Funding

The SCARLET trial was supported by Asahi Kasei Pharma America Corporation, Waltham, MA. Asahi Kasei Pharma America Corporation was responsible for the SCARLET study design and collection, analysis, and interpretation of data.

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Authors

Contributions

BF, XW, JH, MF, EM, and JBL participated in the SCARLET trial as investigators, analyzed data of the post hoc analysis, and participated in drafting of the manuscript. JLV was the principal investigator of the SCARLET trial, analyzed data of the post hoc analysis, and participated in drafting of the manuscript. TK, KT, and DF analyzed data and participated in the drafting of the manuscript, and they were responsible for study design and data collection, analysis, and interpretation as employees of Asahi Kasei Pharma American Corporation. All authors revised the manuscript for important intellectual content and reviewed the final manuscript. All authors read and approved the final manuscript.

Corresponding author

Correspondence to Bruno François.

Ethics declarations

Ethics approval and consent to participate

Informed consent was received from all participants prior to performing any study-specific procedures to conform to all applicable local, regulatory, and ethical requirements. The study protocol and any amendments and modifications were reviewed by appropriate institutional review boards, research ethics boards, or independent ethics committees for each participating study site prior to implementation. The SCARLET study was conducted in compliance with the International Conference on Harmonisation Good Clinical Practices. The study was approved by appropriate ethics committees, as detailed in the previously published SCARLET study protocol.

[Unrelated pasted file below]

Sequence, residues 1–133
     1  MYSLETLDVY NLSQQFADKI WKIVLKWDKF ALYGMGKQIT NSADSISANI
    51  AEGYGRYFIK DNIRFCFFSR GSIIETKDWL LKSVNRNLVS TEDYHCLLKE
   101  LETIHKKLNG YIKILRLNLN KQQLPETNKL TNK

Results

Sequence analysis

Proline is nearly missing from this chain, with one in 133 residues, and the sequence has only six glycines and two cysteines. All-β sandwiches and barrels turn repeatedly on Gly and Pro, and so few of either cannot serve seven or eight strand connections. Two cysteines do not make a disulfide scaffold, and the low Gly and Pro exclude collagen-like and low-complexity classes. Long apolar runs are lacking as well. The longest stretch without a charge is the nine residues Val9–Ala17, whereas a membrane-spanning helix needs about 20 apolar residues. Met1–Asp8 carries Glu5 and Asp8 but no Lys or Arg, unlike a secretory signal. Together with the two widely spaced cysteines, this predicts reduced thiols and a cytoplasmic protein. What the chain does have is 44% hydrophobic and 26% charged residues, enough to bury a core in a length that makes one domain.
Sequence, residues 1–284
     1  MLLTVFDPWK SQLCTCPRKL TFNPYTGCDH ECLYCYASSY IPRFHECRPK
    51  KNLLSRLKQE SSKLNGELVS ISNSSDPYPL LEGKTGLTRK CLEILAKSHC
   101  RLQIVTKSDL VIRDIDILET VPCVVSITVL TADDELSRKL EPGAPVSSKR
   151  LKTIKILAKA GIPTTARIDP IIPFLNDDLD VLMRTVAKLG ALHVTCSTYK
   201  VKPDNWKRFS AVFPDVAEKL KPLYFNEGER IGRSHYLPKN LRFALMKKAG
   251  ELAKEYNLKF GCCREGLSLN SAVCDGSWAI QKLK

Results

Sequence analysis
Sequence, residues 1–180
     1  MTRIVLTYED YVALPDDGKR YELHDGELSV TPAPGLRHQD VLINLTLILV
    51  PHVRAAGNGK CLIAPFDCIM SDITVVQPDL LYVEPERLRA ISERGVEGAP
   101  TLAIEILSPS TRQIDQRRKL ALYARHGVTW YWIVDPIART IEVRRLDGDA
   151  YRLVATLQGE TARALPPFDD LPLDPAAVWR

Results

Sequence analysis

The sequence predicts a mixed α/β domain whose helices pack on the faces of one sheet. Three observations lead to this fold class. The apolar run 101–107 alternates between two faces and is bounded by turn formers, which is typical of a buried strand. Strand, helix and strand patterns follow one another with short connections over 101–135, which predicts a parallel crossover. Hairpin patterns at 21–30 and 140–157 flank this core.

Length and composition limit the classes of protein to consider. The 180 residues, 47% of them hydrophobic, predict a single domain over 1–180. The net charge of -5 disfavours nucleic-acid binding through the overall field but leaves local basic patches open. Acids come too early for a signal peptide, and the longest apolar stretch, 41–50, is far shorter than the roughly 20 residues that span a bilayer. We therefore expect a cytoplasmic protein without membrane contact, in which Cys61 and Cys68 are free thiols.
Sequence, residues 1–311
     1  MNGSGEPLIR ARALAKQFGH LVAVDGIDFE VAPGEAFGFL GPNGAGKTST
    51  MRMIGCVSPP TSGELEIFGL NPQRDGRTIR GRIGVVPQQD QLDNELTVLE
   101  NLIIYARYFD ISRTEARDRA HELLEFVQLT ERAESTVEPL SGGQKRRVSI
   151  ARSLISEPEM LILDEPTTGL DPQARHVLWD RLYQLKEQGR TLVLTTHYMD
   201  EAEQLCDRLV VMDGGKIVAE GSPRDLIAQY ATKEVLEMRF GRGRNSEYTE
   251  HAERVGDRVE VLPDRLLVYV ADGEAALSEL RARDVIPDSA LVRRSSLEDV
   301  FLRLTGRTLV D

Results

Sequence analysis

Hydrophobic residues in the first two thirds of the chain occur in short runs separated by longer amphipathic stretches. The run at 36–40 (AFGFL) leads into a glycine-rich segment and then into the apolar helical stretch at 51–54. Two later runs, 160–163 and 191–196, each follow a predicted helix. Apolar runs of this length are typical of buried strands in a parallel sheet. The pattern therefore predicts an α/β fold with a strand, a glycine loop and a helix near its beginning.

Consent for publication

Not applicable.

Competing interests

BF was a member of the main SCARLET trial steering committee. BF reports personal fees from Asahi Kasei Pharma America Corporation during the conduct of the main SCARLET study and personal fees from Inotrem, Biomérieux, Aridis, AM-Pharma, Ferring, Transgene, and Enlivex outside of the current work. JLV reported receiving grants from Asahi Kasei Pharma America Corporation during the conduct of the main SCARLET study. JH reported honoraria from Stago. JBL reported receiving consultation fees from Asahi Kasei America Corporation. KT, TK, and DF are employees of Asahi Kasei Pharma American Corporation. EM and XW declare that they have no competing interests.

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Supplementary Information

Additional file 1: Figure S1.

Participating countries and patient and disposition for the SCARLET Study in the Rest of the World (excluding France).

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François, B., Fiancette, M., Helms, J. et al. Efficacy and safety of human soluble thrombomodulin (ART-123) for treatment of patients in France with sepsis-associated coagulopathy: post hoc analysis of SCARLET. Ann. Intensive Care 11, 53 (2021). https://doi.org/10.1186/s13613-021-00842-4

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Keywords

  • Sepsis
  • Sepsis-associated coagulopathy
  • Thrombomodulin
  • ART-123
  • Heparin
  • France